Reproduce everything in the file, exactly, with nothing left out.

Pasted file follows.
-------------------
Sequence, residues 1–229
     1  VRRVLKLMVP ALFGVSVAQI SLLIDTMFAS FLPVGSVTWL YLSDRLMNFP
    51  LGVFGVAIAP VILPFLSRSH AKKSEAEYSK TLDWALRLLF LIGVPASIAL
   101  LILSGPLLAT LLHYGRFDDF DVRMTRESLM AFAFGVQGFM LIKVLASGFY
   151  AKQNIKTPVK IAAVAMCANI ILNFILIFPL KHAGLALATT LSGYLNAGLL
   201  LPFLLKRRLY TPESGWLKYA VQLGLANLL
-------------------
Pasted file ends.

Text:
Sequence, residues 1–229
     1  VRRVLKLMVP ALFGVSVAQI SLLIDTMFAS FLPVGSVTWL YLSDRLMNFP
    51  LGVFGVAIAP VILPFLSRSH AKKSEAEYSK TLDWALRLLF LIGVPASIAL
   101  LILSGPLLAT LLHYGRFDDF DVRMTRESLM AFAFGVQGFM LIKVLASGFY
   151  AKQNIKTPVK IAAVAMCANI ILNFILIFPL KHAGLALATT LSGYLNAGLL
   201  LPFLLKRRLY TPESGWLKYA VQLGLANLL